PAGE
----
is that the first order of prediction is not allowed into the
The last thing to look at is the doctrinal
framework in which this proceeds. Do people at high levels in
the information system, including the media and advertising and
academic political science and so on, do these people have a picture
of what ought to happen when they are writing for each other (not
when they are making graduation speeches)? When you make a commencement
speech, it is pretty words and stuff. But when they are writing
for one another, what do people say about it?
There are basically three currents to
look at. One is the public relations industry, you know, the main
business propaganda industry. So what are the leaders of the PR
industry saying? Second place to look is at what are called public
intellectuals, big thinkers, people who write the "op eds"
and that sort of thing. What do they say? The people who write
impressive books about the nature of democracy and that sort of
business. The third thing you look at is the academic stream,
particularly that part of political science which is concerned
with communications and information and that stuff which has been
a branch of political science for the last 70 or 80 years.
So, look at those three things and see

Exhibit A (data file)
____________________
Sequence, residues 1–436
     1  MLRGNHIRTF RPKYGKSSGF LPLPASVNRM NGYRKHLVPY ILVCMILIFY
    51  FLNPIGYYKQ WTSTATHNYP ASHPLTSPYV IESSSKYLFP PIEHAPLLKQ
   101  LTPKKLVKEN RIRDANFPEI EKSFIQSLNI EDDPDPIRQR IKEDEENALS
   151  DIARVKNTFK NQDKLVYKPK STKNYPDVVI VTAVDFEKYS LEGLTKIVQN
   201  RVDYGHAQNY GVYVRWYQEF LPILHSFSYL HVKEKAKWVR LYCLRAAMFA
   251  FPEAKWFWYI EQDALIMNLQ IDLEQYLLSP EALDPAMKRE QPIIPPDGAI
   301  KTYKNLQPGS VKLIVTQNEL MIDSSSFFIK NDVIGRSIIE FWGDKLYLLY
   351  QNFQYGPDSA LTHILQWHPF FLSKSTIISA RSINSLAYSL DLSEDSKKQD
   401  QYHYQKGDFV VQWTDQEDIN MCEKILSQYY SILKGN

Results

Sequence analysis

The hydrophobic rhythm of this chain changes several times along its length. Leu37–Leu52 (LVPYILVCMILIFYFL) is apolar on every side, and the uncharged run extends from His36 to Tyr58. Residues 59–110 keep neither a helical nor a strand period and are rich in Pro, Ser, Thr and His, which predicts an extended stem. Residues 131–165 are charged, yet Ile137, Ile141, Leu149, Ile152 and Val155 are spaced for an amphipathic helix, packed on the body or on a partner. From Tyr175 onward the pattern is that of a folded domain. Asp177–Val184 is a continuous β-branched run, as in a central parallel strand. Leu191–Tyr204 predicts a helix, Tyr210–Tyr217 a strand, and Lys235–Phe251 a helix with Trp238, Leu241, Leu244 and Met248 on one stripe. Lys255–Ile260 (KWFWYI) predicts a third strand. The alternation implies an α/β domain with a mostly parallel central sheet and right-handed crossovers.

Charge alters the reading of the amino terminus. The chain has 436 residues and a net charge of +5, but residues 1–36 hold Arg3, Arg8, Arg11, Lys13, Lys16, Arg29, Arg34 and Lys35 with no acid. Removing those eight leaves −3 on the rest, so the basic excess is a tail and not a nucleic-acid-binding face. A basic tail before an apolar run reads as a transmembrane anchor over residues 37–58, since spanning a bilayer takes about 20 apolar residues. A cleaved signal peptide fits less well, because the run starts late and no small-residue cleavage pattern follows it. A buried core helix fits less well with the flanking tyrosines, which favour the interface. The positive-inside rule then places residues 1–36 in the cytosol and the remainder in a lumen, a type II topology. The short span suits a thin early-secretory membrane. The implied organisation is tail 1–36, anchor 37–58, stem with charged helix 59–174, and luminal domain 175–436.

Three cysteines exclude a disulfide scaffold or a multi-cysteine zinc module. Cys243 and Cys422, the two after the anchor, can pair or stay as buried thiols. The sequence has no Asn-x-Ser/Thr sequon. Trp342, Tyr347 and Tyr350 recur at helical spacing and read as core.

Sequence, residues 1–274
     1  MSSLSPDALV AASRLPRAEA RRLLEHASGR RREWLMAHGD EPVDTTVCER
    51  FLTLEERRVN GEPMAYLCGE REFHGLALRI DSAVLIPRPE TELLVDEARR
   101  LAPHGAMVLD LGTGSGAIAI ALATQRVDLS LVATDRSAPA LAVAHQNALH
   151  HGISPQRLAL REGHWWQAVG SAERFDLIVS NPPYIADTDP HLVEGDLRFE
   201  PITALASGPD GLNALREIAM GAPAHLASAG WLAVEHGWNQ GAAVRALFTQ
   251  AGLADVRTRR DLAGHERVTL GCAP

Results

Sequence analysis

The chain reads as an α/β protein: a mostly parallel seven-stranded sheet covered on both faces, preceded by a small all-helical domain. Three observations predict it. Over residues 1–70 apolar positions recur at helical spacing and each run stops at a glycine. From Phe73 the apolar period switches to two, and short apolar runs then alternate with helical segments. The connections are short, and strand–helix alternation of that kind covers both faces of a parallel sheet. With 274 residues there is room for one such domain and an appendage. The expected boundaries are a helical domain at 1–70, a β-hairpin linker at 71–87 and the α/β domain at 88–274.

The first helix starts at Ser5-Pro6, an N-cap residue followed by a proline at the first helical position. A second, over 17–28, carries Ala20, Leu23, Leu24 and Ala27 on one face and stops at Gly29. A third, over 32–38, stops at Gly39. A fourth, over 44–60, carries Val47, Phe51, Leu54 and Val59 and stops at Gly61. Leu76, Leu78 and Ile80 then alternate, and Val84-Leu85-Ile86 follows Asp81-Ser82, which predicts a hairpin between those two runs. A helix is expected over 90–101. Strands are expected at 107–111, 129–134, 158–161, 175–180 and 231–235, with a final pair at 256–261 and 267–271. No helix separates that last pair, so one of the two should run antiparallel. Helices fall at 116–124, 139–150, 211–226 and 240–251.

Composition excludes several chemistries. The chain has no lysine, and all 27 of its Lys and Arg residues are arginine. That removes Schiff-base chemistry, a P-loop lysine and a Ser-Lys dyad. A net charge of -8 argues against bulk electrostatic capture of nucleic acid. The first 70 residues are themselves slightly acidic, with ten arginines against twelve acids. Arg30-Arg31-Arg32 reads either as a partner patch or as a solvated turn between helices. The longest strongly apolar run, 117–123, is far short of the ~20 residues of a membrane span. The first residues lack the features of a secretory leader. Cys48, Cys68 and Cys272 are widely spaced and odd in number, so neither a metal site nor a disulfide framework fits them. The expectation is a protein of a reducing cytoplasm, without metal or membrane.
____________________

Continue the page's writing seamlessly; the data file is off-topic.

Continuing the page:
what they say, and look at the leading figures who have written
about this. They all say (I'm partly quoting), the general population
is "ignorant and meddlesome outsiders." We have to keep
them out of the public arena because they are too stupid and if
they get involved they will just make trouble. Their job is to
be "spectators," not "participants."
They are allowed to vote every once in
a while, pick out one of us smart guys. But then they are supposed
to go home and do something else like watch football or whatever
it may be. But the "ignorant and meddlesome outsiders"
have to be observers not participants. The participants are what
are called the "responsible men" and, of course, the
writer is always one of them. You never ask the question, why
am I a "responsible man" and somebody else is in jail?
The answer is pretty obvious. It's because you are obedient and
subordinate to power and that other person may be independent,
and so on. But you don't ask, of course. So there are the smart
guys who are supposed to run the show and the rest of them are
supposed to be out, and we should not succumb to (I'm quoting
from an academic article) "democratic dogmatisms about men
being the best judges of their own interest." They are not.
They are terrible judges of their own interests so we have do
it for them for their own benefit.
Actually, it is very similar to Leninism.
We do things for you and we are doing it in the interest of everyone,
and so on. I suspect that's part of the reason why it's been so
easy historically for people to shift up and back from being,
sort of enthusiastic Stalinists to being big supporters of U.S.
power. People switch very quickly from one position to the other,
and my suspicion is that it's because basically it is the same
position. You're not making much of a switch. You're just making
a different estimate of where power lies. One point you think
it's here, another point you think it's there. You take the same